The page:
From the financial costs to the effect on health, a report from The Street examines the impact of sleep deprivation in the workplace.
Whether stress, daylight savings or technology is the culprit, America’s zombie-like state due to lack of sleep is costing America’s companies about $63 billion a year, says Dr. Charles Czeisler, chief of the Division of Sleep and Circadian Disorders at Brigham and Women’s Hospital.
Czeisler says the epidemic of “presenteeism,” otherwise known as coming to work even when sick or exhausted from lack of sleep, is prevalent throughout the workplaces across the country.
Dr. Ron Kessler, Czeisler’s colleague and a specialist in epidemiological studies, has had a long-term interest in how mental health and sleep deprivation issues impact productivity in the workplace. A number of years ago, a few pharmaceutical companies had him conduct a study on insomnia and the impact it has on workplace productivity. Kessler’s analysis ultimately determined that presenteeism produced a loss of approximately 250 billion employee workdays within a given year. “Ranging from the security guard dozing off on the job to the office worker laying his or her head down on the desk–being exhausted and tired at work can directly reduce productivity,” Czeisler said.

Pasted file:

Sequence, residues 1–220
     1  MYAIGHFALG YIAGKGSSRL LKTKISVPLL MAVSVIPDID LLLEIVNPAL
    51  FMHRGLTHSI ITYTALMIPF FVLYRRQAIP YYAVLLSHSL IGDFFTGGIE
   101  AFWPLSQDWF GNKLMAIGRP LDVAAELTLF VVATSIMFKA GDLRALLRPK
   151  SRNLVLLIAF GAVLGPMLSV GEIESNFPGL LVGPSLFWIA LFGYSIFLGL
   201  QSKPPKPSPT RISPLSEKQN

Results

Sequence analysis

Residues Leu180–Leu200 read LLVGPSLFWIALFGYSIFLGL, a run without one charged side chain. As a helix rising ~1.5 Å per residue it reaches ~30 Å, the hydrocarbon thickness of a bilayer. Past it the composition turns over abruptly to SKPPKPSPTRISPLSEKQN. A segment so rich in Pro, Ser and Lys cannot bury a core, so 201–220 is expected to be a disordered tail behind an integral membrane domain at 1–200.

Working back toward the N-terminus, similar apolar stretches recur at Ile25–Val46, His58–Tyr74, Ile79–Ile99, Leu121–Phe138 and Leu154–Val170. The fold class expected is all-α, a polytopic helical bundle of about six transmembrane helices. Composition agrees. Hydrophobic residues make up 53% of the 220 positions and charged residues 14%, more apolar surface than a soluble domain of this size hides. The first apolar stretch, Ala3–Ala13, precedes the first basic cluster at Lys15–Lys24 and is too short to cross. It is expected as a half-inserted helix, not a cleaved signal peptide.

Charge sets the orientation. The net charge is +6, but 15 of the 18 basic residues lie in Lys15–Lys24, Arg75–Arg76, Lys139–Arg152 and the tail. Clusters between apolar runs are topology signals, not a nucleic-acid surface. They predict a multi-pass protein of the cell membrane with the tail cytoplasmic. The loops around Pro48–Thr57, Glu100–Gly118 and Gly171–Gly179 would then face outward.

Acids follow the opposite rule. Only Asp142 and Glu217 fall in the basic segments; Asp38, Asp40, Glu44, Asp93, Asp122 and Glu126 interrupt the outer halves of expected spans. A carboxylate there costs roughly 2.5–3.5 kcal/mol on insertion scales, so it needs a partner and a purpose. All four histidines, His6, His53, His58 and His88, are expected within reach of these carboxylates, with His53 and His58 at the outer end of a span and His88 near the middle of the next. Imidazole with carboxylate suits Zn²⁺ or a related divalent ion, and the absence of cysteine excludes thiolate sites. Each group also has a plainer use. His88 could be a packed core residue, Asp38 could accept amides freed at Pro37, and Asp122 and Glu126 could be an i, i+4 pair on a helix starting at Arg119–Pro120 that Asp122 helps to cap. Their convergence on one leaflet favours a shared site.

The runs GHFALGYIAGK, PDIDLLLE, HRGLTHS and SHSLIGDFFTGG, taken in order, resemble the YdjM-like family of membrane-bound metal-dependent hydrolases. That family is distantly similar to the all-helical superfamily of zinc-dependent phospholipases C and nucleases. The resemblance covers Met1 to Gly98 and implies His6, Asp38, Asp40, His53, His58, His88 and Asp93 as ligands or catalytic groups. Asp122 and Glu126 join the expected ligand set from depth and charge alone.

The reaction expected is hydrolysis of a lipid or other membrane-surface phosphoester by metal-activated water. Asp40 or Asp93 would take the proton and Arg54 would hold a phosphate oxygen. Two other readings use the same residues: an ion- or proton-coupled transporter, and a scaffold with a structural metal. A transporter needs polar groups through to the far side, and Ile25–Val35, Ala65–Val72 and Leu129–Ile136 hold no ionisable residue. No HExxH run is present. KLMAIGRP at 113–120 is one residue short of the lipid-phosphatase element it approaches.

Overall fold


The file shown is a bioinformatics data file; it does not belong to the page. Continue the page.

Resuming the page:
Dr. Sujay Kansagra, director of the Pediatric Neurology Sleep Medicine Program at Duke University Medical Center, says some of the common symptoms of sleep deprivation are sleepiness, fatigue, poor attention span and a decrease in vigilance.
“That combination is the perfect storm when it comes to inefficiency in the workplace,” Kansagra says. “The true economic impact is hard to calculate, especially when you consider how common sleep deprivation and sleep disorders are among the general population. However, it has been estimated that sleep deprivation and sleep disorders cost $150 billion each year in missed work, workplace accidents and decreased productivity.”